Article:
Primary key vs. Unique key

Comparisons between the primary key and unique key

Well, a key can be defined as a as the basic identifier or access to a row or set of rows in a given database that is generally made of a columns or set of columns. As for a unique key, its wide use is based on relational databases and is used to uniquely identify a row in a table. Like the primary key, the unique key is composed of a column or a set of columns. The primary and unique keys are however different in some respects.

So what is a unique key? As it has already been noted in the introductory part, a primary key can either take the form of a single column or a set of columns and is uniquely used to identify a row or even a set of rows in a given table. The basic fact about the unique key is that it normally does not take to account the NOT NULL constraint although it is restricted in such a way that there can never be any two values of it that are equal , therefore it follows that columns will only allow a single NULL value to be contained in it. NULL in databases is used to indicate lack of value. Since a column will only contain one NULL value it is then possible to identify that whole row uniquely. For example in a table containing employees details the unique key can be set as employee ID number since there is 0% chance of finding two employees with the same ID number. In other words, the uniqueness of employee ID can be used to identify the other attributes of the employee contained in that particular row. A table may contain one or more unique keys depending on the nature of the database.

While a primary key like the unique key contains a column or even a set of columns that identifies a row, the difference between it and the unique key is that its application is normally limited to relational databases. It is worth stating that a table can only be assigned one primary key only. Unlike the unique key, the primary key in a relational database take into account the implicit as opposed to the NULL constraint  which further leads us to necessarily conclude that a  primary key cannot contain a NULL value. A primary key has to be uniquely assigned or better still be generated by a convenient application such as GUID common to many Microsoft SQL servers. Primary keys are normally created for every table and are definitely implicitly defined that they can never contain a null value.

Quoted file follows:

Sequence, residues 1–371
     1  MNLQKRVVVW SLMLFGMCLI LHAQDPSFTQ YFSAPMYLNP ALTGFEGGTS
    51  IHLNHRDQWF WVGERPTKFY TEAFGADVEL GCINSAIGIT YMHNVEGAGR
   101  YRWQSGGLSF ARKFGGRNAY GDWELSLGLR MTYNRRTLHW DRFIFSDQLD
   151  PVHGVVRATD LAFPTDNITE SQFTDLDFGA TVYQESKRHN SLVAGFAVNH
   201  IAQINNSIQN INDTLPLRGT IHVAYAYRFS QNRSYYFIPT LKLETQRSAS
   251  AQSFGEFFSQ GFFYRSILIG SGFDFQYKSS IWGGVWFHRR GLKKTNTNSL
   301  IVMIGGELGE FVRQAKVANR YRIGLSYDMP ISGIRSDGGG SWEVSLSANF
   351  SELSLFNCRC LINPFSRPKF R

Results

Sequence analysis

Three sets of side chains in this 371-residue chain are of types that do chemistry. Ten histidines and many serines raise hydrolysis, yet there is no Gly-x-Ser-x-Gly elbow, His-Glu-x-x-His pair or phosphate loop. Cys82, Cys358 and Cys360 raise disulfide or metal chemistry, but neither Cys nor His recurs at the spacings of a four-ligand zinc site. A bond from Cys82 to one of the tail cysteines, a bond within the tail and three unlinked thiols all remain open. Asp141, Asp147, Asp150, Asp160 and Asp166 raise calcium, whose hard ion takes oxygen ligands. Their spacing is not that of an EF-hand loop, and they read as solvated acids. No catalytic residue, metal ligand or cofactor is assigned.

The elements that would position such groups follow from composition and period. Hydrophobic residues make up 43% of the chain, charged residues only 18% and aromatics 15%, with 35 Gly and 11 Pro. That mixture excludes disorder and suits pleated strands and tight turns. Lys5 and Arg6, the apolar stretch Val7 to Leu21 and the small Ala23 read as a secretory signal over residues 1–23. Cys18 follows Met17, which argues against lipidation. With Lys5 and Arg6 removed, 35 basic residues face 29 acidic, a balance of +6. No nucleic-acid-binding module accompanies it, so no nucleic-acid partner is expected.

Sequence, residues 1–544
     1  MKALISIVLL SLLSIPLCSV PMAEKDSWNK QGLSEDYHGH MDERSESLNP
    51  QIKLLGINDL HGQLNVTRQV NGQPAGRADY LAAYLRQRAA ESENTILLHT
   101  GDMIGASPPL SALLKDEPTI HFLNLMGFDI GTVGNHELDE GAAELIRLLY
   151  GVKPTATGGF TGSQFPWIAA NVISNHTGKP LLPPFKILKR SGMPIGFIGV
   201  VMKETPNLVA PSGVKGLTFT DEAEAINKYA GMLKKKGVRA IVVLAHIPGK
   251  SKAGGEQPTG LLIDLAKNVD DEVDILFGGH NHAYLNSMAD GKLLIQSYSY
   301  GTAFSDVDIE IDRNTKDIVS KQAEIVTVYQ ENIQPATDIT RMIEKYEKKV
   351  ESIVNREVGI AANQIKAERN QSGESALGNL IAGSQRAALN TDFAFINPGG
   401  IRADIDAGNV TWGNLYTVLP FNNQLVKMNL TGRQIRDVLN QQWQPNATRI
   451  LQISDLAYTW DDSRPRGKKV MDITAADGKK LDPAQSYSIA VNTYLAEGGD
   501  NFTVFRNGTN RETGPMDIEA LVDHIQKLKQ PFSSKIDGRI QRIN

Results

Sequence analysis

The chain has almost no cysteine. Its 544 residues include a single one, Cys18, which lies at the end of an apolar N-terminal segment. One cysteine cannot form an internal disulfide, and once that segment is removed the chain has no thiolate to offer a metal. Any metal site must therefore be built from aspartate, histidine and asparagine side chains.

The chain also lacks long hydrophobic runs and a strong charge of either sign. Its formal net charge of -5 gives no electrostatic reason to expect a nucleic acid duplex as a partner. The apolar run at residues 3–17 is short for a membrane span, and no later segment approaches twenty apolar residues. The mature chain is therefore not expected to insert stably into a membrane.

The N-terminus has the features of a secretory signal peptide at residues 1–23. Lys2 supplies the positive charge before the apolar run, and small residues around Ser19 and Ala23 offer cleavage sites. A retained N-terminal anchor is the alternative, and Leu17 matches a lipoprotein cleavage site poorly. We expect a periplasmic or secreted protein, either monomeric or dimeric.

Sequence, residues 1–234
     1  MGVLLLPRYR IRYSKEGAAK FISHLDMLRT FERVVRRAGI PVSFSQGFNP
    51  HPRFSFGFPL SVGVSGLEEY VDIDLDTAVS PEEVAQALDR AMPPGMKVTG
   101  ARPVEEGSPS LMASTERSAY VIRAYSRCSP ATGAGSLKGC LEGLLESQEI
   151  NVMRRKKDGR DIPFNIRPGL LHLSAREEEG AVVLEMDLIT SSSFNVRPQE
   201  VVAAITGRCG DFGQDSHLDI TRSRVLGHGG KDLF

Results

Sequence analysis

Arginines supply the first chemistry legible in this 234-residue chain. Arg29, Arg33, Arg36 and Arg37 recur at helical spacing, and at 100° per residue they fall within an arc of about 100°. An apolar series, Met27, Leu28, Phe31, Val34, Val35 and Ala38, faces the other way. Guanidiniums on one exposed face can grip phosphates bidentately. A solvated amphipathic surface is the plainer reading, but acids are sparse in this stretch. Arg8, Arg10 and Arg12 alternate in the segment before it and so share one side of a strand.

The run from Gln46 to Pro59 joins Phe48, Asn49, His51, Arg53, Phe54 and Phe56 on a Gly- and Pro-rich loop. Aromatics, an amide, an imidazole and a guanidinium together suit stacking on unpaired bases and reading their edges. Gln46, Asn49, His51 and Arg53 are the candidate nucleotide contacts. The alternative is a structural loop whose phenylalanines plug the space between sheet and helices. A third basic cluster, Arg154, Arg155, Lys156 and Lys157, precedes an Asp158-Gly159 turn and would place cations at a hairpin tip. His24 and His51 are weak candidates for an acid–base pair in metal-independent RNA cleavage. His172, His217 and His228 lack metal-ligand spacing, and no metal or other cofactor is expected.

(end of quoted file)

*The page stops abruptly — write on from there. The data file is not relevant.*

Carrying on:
The distinction between the primary and unique keys in any database is based on the methodology of using either although their general structure in term of containing columns and sets of column is somehow the same. While you cannot have more than one primary key in a table, the reverse is true for unique key where you can assign more that one in a single table. In terms of constraints, the primary key usually has an implicit NOT NULL constraint while the unique key does not. This means that as for unique keys, they may or may not contain a NULL value while primary keys cannot contain a NULL value.

 

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